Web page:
Back in May, Chelsea and I headed to the Dakotas for a long weekend to do some highpointing. Since we were driving all the way up there, we decided to take advantage of the opportunity to detour through Nebraska along the way and visit some national monuments in the western part of the state. Our… Continue reading Landmark on the Oregon Trail – Scott’s Bluff National Monument, Nebraska
I’ve said it before and I’ll say it again: I’m a dinosaur snob. I can’t help it. I grew up in a state full of fossils, in a town with a pretty fantastic dinosaur museum. The bar was set really high when I was really young. So I’m not easily impressed. But this place was… Continue reading Colorado Bucket List: Picketwire Canyon Dinosaur Tracks
Bent’s Old Fort was in fact not a fort in the traditional sense. It may have resembled military fortifications, but it was actually a trading post. Brothers Charles and William Bent and their business partner Ceran St. Vrain built the fort a few miles outside La Junta in 1833, choosing this particular place because it was fairly centrally-located between the fur trappers of the Rocky Mountains, the native lands of the Cheyenne, Arapaho, Kiowa, and Comanche tribes, and people traveling between the US and Mexico on the Santa Fe Trail. It quickly became a key location for trading and the main stop on the Santa Fe trail for travelers in need of rest, repairs, and replenishment.
The Eastern Colorado plains are the original homeland of the Arapaho, Cheyenne, Comanche, Osage, Kiowa, Sioux, Jicarilla Apache, and Ute tribes (source). But by the mid-1800s they were being systemically dispossessed from their homelands. The 1851 Treaty of Fort Laramie established that the Cheyenne and Arapaho would retain some of their native lands in exchange… Continue reading Heartbreaking history on the Colorado plains – Sand Creek Massacre National Historic Site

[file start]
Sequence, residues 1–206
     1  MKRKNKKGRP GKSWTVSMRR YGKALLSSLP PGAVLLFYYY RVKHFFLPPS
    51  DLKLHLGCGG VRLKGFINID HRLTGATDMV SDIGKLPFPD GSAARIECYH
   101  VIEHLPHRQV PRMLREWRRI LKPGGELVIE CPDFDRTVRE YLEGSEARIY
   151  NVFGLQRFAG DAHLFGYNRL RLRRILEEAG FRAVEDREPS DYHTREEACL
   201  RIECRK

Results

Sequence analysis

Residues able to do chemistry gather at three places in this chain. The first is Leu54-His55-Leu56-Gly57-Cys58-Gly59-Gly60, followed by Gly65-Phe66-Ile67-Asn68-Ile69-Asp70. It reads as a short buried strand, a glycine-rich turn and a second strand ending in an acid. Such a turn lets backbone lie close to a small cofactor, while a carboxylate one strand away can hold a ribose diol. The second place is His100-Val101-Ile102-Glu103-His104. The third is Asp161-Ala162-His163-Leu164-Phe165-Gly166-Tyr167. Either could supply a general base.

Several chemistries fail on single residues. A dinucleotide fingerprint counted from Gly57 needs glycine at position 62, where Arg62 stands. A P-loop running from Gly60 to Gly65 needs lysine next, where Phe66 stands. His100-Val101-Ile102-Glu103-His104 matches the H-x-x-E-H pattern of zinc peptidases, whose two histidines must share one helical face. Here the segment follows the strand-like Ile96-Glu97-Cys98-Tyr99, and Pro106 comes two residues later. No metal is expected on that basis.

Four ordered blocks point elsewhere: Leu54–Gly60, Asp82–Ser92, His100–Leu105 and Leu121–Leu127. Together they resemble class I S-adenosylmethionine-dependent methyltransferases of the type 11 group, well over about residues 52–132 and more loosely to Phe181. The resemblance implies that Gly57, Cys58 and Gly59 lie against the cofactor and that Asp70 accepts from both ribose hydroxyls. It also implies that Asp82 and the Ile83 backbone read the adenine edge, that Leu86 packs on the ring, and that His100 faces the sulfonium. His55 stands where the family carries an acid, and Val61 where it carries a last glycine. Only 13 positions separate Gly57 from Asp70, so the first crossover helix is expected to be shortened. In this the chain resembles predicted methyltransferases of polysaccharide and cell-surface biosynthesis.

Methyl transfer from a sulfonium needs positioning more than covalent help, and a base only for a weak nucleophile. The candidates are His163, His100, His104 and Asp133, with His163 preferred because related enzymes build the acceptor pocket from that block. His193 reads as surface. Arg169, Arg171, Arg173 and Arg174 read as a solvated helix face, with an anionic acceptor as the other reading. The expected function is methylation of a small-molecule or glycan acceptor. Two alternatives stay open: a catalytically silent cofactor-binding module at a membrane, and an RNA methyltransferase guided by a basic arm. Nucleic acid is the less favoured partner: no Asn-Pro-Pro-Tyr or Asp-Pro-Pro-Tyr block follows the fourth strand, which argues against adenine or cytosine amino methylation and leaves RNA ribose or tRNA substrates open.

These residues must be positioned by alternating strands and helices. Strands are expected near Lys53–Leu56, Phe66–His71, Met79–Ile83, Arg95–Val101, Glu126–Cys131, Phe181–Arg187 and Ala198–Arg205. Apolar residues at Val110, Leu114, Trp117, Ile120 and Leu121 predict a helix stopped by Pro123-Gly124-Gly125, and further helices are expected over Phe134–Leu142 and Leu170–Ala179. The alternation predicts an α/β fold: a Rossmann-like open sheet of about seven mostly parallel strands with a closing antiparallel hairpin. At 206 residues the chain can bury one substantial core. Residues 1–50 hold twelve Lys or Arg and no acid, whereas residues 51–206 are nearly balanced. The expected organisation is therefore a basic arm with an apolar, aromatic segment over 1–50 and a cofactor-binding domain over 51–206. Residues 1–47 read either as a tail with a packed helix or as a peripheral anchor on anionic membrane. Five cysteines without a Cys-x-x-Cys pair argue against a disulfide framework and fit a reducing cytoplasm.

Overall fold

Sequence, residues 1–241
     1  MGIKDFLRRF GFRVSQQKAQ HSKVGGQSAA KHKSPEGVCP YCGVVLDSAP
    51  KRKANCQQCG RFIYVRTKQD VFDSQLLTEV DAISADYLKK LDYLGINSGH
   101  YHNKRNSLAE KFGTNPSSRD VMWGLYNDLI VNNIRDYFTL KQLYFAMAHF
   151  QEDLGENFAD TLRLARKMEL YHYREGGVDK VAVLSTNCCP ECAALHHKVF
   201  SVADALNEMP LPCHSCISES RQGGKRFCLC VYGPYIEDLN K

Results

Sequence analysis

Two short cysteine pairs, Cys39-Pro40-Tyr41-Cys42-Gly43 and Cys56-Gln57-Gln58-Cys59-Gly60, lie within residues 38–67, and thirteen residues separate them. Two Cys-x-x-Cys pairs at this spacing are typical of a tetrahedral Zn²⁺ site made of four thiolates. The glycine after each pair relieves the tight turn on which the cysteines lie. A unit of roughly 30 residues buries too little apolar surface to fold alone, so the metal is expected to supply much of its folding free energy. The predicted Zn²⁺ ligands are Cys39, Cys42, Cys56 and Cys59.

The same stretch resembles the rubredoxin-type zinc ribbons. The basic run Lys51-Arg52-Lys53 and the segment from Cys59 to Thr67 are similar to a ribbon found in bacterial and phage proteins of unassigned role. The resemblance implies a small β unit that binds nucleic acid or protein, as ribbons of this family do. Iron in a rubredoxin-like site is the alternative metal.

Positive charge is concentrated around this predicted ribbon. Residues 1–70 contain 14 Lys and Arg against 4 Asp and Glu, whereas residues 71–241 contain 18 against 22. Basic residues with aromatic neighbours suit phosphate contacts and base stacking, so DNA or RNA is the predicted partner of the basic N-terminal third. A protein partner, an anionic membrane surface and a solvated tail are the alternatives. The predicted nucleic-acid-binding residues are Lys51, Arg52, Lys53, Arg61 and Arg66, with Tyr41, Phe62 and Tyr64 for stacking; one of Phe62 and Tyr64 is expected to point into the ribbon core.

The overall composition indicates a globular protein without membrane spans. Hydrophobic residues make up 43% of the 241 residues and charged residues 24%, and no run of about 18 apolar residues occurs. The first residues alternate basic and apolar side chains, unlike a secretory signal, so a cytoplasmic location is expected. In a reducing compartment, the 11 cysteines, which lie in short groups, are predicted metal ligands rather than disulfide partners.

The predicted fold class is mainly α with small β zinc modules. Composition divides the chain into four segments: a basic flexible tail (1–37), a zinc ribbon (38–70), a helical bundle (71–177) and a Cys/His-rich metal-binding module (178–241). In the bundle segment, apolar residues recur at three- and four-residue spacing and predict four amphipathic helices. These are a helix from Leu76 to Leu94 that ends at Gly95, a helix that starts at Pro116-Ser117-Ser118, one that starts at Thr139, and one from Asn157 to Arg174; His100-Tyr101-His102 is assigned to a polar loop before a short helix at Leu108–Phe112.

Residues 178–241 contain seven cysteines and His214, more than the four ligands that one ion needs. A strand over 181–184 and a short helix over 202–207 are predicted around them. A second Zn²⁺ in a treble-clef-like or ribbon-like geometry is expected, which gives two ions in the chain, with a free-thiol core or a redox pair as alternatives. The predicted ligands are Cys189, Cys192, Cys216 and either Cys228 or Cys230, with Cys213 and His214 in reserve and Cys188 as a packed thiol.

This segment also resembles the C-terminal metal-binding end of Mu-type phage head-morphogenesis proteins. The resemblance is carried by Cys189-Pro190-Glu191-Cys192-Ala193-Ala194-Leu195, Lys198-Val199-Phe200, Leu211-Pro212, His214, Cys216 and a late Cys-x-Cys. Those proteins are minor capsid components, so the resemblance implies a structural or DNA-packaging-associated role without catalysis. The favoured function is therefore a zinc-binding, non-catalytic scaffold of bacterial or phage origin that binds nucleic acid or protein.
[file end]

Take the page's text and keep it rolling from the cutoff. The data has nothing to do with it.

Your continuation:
Autumn in Colorado is never going to be the same as autumn on the east coast. We just don’t have as many trees that turn so many vibrant shades of color. But we do have cottonwoods and aspens and willows, all of which turn yellow… usually some time around mid-September. As we probably should have expected, given the utter chaos that was 2020, the status of Colorado’s fall colors was thrown into question when the mountains got a dusting of snow at the end of August. And then another storm rolled in immediately after Labor Day weekend and dumped up to 14 inches of snow. The cold and snow – coupled with the previous two months of drought – meant we were now at risk of the trees turning from green straight to brown. But all hope was not lost.
(Read part I of this post here) Most people don’t know this, but one of my majors in college was anthropology. Granted, it was anthropology with a biological focus. But I still took all the introductory classes, including archaeology. In fact, I initially signed up for an anthropology course because I wanted to be an… Continue reading Life on the Edge of a Cliff – Mesa Verde National Park, Colorado (part II)
A couple years ago, I wrote all about Mesa Verde based on my visit to this fascinating park back in 2010. But Pat had never been there and it’s a place I was happy to return to, so in early July of last year we headed out for a week long exploration of southwestern Colorado,… Continue reading Into the Past – Mesa Verde National Park, Colorado (part I)
Pat has been wanting to visit New Mexico since the day we arrived in Colorado. He didn’t really know anything about the state and, as a result, I think there was an aura of mystery surrounding it. I have to admit, I see his point; New Mexico rarely seems to be the topic of any… Continue reading In the crater of a volcano – Capulin Volcano National Monument, New Mexico
Winter 2019 in Colorado was a ridiculous one. I hear. It was our first winter out here, but everyone we talked to assured us that it was unusual. The season began fairly mild but by March – right about the time I was ready for winter to end – the snow arrived with a vengeance… Continue reading Colorado Destinations: Manitou Cliff Dwellings
If ever there was an area of the US with a bizarre history, this is it. Even the name – which combines ‘arsenal’ and ‘wildlife’ into the same sentence – suggests that this land has quite the storied past. Located immediately northeast of Denver, the land encompassed today by Rocky Mountain Arsenal used to be… Continue reading Colorado Destinations: Rocky Mountain Arsenal National Wildlife Refuge